Child health in jeopardy over random use of antibiotics


DHAKA, Feb 12, 2019 (BSS) – Hasibul Karim lives with his family in
capital’s Goran area. His 7-year-old daughter Rodela suffers from cold and
cough often. Sometimes she gets high fever lasting four to five days. Karim
went to a pediatrician, who prescribed seven-day antibiotic course for Rodela
alongside normal medicine for fever.

“Children naturally don’t like to take medicine. Moreover it is very hard
to complete the seven-day antibiotic course for them. Whenever we force her
to take the antibiotic, she began crying, compelling us to leave the course
incomplete, which, I think, is creating more risk for her,” Hasibul Karim

Antibiotics are very effective to treat infection, but it is losing its
effectiveness through the random use.

According to a research conducted by International Centre for Diarrhoeal
Disease Research, Bangladesh (icddr’b), the tendency of buying and taking
antibiotics without prescription is growing rapidly. After feeling a little
better, many people stop the course on its halfway.

The researchers fear that if this bad practice continues, one day these
antibiotics will not work anymore as the intake of inadequate amount of
antibiotics is affecting internal organs like kidney and liver and making
human beings vulnerable to various diseases.

There is no statistics on the use of antibiotics in the country on
national-level, but some researchers based on surveys carried out by
Bangabandhu Sheikh Mujib Medical University (BSMMU) and Dhaka University
stated the situation as dire.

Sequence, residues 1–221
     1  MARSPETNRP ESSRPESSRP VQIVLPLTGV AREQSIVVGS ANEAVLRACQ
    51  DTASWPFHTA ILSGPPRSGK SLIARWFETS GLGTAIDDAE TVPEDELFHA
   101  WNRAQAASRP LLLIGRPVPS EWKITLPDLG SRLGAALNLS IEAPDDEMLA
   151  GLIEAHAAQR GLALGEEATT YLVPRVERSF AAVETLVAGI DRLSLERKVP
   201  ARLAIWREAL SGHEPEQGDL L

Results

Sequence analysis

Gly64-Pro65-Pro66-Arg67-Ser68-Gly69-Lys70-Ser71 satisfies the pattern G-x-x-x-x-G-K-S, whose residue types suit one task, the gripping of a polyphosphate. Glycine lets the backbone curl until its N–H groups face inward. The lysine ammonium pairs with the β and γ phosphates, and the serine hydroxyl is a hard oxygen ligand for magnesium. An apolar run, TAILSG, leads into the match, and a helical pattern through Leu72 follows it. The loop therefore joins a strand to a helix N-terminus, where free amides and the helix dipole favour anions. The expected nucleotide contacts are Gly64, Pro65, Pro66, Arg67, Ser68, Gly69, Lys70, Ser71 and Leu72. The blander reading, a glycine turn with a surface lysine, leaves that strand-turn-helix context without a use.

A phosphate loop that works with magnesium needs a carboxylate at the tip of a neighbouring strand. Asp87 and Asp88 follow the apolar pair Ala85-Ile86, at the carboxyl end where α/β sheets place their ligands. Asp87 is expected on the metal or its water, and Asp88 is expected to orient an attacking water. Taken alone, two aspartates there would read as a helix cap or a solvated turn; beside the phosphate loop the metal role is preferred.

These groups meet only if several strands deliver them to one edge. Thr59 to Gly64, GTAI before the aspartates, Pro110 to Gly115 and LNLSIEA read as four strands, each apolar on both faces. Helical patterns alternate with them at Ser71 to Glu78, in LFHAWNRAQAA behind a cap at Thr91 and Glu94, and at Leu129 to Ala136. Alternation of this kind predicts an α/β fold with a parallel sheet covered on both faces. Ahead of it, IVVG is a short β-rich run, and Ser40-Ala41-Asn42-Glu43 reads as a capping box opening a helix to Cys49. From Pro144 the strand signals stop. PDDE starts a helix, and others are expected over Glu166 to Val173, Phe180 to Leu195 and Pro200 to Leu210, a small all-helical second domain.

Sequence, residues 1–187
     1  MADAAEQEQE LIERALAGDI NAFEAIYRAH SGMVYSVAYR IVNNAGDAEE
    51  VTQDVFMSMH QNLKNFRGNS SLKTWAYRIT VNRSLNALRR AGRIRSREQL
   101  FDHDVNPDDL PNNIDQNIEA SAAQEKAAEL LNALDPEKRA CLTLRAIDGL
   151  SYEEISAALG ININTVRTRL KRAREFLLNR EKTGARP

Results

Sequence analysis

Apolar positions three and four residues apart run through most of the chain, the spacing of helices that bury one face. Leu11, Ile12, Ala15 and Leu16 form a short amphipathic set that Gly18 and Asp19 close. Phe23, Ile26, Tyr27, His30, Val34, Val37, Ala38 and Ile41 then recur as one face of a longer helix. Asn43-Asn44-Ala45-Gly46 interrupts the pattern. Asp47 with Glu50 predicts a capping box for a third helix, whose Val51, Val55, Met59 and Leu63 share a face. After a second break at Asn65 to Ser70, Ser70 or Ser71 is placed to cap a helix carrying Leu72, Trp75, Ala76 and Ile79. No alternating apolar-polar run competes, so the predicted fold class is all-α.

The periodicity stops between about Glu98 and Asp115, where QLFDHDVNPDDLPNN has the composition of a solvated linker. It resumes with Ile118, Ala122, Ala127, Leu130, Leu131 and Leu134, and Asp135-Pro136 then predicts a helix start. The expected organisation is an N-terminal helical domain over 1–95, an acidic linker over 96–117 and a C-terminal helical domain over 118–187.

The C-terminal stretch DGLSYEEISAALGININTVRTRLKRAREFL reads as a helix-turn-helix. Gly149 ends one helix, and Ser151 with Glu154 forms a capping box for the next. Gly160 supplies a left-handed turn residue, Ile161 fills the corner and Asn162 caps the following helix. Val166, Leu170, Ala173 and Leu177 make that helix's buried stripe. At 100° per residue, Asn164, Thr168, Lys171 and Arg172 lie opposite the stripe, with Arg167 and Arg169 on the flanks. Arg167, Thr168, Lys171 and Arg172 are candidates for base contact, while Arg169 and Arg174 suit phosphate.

In most cases, antibiotics are being used randomly in the case of treating
pneumonia in children.

Researchers conducted a research on 80 children aged bellow five, who were
suffering from pneumonia and came to a private hospital in the capital.

Among them, 28 (35.4%) were underweight, 14 (17.7%) were moderately
underweight, and 13 (16.5%) were severely under-weight.

On the basis of WHO classification (2005), 43 children (54%) had severe
pneumonia and 37 (46%) had very severe pneumonia, as diagnosed by the
research physician.

A group of researchers from icddr’b, BRAC and Shaheed Tajuddin Ahmed
Medical College Hospital conducted a research to know how much the physicians
are following the guideline in treating the pneumonia affected children.

They observed that pediatricians are prescribing antibiotics of same dose
to all the sick children without categorizing their type of pneumonia.
Physicians are even prescribing them high dose of antibiotics without any
necessary test.

World Health Organisation (WHO) in a recent report expressed its fear that
the microbes are becoming more and more antibiotic resistance though random
use, which will cause death from minor infection and wounds.

WHO released the report after collecting data from 114 countries across
the world. In the report, researchers mentioned about ‘post-antibiotic era’,
where they said if necessary steps were not taken immediately, it would not
be possible to evade the disaster.

Despite the WHO pneumonia treatment strategy, the inappropriate use of
higher-generation cephalosporin and carbapenem was high in the study
hospital. The results underscore the compliance with the WHO guidelines of
antibiotic use and the importance of enforcing regulatory policy of the
rational use of antibiotics for treating hospitalized children with
pneumonia. Following these guidelines may help prevent increased
antimicrobial resistance.

Paediatric of Dhaka Medical College Professor M Abid Hossain Mollah
referring to the WHO policy said children under five cannot intake
Azithromycin, a macrolide-type antibiotic which is used to treat a wide
variety of bacterial infections.

It is like a crime to prescribe high power antibiotic at the beginning of
any disease, as no other medicine would work further if the antibiotic did
not work, said Sir Salimullah Medical College and Hospital child specialist
Dr Abdul Mannan.

According to WHO, due to Antibiotic resistance in people, there is an
estimation over 7.5 lakh people die every year and the number will raise to
10 lakh by 2050 as common infections and minor injuries are claiming lives,
raising a concern in the post-antibiotic era.

Emphasizing the need for using the proper use of antibiotic the experts
said the doctors need to evaluate the effectiveness of their treatment and
antibiotic must be prescribed only if needed.